Eagles at Bengals
1 p.m. Sunday on FOX
Pick-em; over/under 42
In the easiest of the Eagles' five remaining games, they're on the road to face a desperate Bengals team and a head coach trying to avoid getting fired.
The way the Birds have played and coached lately, no game is a gimme. It's telling that the Eagles aren't favored against a 3-7-1 Bengals team missing its two most explosive playmakers.
No A.J. or Gio
The first player that comes to mind when you mention the Bengals is All-Pro wide receiver A.J. Green, who will miss Week 13 with a hamstring injury. Green hasn't yet been officially ruled out, but considering the most movement he's done since the injury is a light walk, he's not playing Sunday.
This is obviously a huge benefit for the Eagles because defending Green requires a double-team on most plays and almost always a safety over the top.
In the same game the Bengals lost Green, they also lost Giovani Bernard, their version of Darren Sproles. Andy Dalton likely would have relied even more on Bernard in the short passing game with Green out, but the RB tore his ACL in Week 11 without anyone noticing until afterward.
Thus, Cincinnati is a much simpler team to defend this week. With Green and Bernard out, the Bengals skill players to worry most about are tight end Tyler Eifert and speedy second-round WR Tyler Boyd.
Eifert, finally healthy after a series of injuries late last season and in the offseason, has 20 catches for 303 yards and two TDs in his last four games.
Boyd, in the two games without Green, has 11 catches for 116 yards and a TD.
Better than their record?
The Bengals haven't won since Week 7 — Oct. 23 against the Browns. Since then, they tied the Redskins in London, lost to the Giants by one point, the Bills by four and the Ravens by five. Cincinnati has been competitive in games, just unable to finish.
At this point, you can't reasonably call the Eagles a better team than the Ravens, Giants or Redskins ... and maybe even the Bills.
So yes, this is a 3-win team the Eagles are facing, but in reality it's about an even match, especially with Cincy's holding home-field advantage.
Wentz and Dalton
Last season was by far the best of Dalton's six-year career, but he's been just mediocre in 2016. With many more weapons than Carson Wentz has, Dalton has similar stats across the board.
Dalton's completed 63.5 percent of his passes, averaged 7.5 yards per attempt, thrown 12 TDs and six INTs, and has a QB rating of 89.7.
Wentz has completed 63.5 percent of his passes, averaged 6.6 yards per attempt, thrown 11 TDs and eight INTs, and has a QB rating of 83.4.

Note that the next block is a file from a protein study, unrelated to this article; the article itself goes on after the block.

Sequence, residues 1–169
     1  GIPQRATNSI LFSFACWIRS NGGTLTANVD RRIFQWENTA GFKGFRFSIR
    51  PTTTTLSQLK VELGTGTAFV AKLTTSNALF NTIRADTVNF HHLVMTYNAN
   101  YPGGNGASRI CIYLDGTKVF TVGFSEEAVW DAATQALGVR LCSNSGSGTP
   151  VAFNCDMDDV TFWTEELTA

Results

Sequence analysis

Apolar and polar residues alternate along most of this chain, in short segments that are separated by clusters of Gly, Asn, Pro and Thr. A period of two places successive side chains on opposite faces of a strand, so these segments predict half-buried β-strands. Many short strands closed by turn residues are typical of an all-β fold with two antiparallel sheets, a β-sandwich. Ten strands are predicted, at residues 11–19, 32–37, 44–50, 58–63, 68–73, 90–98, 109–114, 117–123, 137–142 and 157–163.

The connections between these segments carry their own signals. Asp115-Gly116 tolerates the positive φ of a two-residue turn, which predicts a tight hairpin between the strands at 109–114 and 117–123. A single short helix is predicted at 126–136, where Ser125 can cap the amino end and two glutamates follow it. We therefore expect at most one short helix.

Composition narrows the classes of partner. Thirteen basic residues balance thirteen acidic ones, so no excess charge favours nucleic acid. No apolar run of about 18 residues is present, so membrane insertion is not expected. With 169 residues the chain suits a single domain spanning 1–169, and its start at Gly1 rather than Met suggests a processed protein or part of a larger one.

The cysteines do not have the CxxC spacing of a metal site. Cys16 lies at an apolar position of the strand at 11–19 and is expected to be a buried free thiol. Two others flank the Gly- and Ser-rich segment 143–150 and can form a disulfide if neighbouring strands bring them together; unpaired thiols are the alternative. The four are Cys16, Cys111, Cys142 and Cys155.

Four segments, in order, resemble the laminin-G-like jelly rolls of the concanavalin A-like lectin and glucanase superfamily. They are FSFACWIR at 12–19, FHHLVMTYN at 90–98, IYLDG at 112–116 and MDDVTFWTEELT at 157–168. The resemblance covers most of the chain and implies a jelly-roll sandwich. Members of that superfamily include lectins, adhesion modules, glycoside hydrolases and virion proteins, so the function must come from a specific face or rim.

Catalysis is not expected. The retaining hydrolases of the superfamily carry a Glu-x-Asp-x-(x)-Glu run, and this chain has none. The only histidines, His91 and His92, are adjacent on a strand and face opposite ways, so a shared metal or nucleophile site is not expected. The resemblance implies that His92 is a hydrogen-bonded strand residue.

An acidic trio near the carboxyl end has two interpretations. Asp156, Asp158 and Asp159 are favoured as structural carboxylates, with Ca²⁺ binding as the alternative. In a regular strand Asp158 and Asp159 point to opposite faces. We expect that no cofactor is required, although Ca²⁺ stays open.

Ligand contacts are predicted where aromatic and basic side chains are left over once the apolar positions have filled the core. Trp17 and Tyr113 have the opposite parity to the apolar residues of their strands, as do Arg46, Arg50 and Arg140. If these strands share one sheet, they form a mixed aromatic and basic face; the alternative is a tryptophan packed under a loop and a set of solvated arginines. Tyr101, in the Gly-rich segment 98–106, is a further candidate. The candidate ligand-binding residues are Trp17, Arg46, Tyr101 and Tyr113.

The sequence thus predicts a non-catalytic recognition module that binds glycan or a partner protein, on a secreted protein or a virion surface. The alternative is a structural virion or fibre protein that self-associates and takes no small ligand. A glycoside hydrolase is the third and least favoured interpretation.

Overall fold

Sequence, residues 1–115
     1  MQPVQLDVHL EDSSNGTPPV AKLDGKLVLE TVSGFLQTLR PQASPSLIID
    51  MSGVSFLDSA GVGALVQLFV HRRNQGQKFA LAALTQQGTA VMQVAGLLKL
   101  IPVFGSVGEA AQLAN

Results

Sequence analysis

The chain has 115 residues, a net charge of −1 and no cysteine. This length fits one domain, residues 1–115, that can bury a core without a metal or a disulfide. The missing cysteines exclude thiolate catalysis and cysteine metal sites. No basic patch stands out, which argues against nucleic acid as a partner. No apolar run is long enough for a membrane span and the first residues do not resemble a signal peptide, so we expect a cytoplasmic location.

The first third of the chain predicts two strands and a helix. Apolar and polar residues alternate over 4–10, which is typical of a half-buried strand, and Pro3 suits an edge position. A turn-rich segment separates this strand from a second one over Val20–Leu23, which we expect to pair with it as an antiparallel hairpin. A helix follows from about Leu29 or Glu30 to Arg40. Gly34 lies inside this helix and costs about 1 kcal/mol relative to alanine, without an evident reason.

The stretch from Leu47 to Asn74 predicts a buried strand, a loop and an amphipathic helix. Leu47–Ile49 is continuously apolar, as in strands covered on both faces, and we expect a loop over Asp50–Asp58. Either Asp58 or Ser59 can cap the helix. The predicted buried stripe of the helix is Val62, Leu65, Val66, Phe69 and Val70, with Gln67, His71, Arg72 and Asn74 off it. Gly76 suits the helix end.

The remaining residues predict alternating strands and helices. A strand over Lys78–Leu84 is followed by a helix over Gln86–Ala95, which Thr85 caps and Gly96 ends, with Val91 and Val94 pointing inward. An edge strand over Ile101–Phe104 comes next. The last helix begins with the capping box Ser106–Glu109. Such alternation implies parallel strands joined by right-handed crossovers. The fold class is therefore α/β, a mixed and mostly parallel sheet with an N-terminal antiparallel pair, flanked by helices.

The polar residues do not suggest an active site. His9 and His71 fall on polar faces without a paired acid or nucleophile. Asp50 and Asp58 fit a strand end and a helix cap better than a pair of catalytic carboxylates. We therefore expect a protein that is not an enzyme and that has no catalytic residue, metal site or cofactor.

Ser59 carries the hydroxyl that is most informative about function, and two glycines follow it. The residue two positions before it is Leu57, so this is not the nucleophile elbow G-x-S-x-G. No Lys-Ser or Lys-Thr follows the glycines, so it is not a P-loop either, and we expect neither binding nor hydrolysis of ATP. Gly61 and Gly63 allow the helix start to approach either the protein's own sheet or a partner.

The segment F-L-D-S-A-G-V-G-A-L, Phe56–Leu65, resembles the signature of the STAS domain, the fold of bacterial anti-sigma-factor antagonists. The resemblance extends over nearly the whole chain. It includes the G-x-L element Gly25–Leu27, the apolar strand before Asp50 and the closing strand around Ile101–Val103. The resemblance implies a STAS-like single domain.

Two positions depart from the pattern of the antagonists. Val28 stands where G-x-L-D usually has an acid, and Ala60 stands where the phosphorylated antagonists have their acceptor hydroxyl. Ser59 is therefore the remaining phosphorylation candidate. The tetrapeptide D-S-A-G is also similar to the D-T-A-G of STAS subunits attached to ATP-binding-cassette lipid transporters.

But Wentz is a rookie with the worst wide receiver group this side of Chicago. Dalton is an experienced quarterback in a familiar system with running backs and pass-catchers he's shared the field with for several years.
Affecting Dalton with pressure should be easier than doing the same to Aaron Rodgers. Rodgers is a master of getting the ball out quickly, and his offensive line has afforded him time all season. According to Pro Football Focus, Rodgers has been given 2.6 seconds or more in the pocket 49 percent of the time. Dalton has gotten that much protection just 36 percent of the time, one of the lowest figures in the NFL.
And, per PFF, Dalton has been sacked 23 percent of the time he's been pressured — the highest rate in the NFL. (For reference, that's double the rate of Dak Prescott, Derek Carr, Eli Manning and Kirk Cousins.)
The Eagles, who have just six sacks total in their last five games, should be able to get home on Sunday. Brandon Graham, their best edge rusher, has a juicy matchup against 2015 first-round right tackle Cedric Ogbuehi, who has allowed eight sacks and 29 QB hurries this season.
Can Nelson Agholor, after spectating on Monday Night Football, do the unthinkable and have a positive impact on the game?
Going to go out on a limb here and say ... yes. Jordan Matthews (ankle) is banged up, so Wentz might not look his way as often as usual. And pass coverage is the weakness of this Bengals defense. The Bengals' top three corners — Adam Jones, Dre Kirkpatrick and Josh Shaw — are decent, but not spectacular.
It's also another game where, at least on paper, utilizing Zach Ertz makes sense. The Bengals have been one of the NFL's worst defenses against tight ends, allowing the fourth-most receiving yards (760) and fifth-most touchdowns (six).
That's owed in large part to the struggles in coverage of linebackers Vontaze Burfict, Karlos Dansby and Rey Maualuga. Burfict and Maualuga are bigger LBs who are better against the run; Dansby has long been one of the better coverage LBs, but he's 35 years old.
Heck, hometown kid Brent Celek might even get involved. Celek hasn't been a part of the Eagles' offense at all, catching just seven passes all season and averaging 4.4 yards per game the last nine weeks.
The over/under is just 42 and I'm not expecting a whole lot of points.
The Eagles are reeling, the Bengals are reeling, but when it comes down to it the Eagles enter this game healthier and should be able to keep Cincy's offense in check.
Eifert is the Bengals' most dangerous weapon at the moment and the Eagles have been pretty good defending the seam with Jordan Hicks, Nigel Bradham and the safeties.
Eagles 20, Bengals 16